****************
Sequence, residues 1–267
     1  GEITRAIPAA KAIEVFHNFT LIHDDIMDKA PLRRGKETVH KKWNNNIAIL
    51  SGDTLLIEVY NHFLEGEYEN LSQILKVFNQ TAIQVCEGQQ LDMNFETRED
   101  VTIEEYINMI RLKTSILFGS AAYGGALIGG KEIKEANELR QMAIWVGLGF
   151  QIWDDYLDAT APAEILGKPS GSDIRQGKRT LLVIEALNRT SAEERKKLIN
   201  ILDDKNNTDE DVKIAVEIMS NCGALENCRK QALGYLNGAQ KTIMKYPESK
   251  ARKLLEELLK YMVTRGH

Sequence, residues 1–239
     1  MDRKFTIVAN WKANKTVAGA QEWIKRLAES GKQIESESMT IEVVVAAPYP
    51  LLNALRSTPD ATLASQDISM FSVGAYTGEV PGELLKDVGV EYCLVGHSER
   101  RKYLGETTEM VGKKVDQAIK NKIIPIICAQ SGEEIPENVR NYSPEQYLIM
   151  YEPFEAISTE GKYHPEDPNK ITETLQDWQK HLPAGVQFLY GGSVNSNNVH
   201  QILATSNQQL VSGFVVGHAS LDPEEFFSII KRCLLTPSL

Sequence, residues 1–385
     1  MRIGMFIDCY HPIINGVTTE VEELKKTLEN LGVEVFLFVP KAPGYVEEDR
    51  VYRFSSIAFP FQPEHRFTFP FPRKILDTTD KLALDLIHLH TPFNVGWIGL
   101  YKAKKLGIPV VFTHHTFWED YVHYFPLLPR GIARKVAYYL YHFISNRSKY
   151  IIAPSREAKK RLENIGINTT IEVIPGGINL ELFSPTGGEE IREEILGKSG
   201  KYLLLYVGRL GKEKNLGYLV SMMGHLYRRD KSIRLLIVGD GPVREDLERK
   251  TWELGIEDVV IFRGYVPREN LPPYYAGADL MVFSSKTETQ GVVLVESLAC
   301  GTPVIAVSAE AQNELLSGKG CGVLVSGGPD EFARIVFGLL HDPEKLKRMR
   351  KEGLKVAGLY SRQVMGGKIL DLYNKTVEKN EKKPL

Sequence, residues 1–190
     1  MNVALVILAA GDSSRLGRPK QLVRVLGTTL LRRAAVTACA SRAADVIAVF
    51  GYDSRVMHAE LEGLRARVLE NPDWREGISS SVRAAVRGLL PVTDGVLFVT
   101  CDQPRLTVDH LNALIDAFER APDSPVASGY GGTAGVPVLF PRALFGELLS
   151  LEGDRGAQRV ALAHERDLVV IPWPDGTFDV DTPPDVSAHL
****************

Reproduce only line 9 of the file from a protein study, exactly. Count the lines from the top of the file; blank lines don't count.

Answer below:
     1  MDRKFTIVAN WKANKTVAGA QEWIKRLAES GKQIESESMT IEVVVAAPYP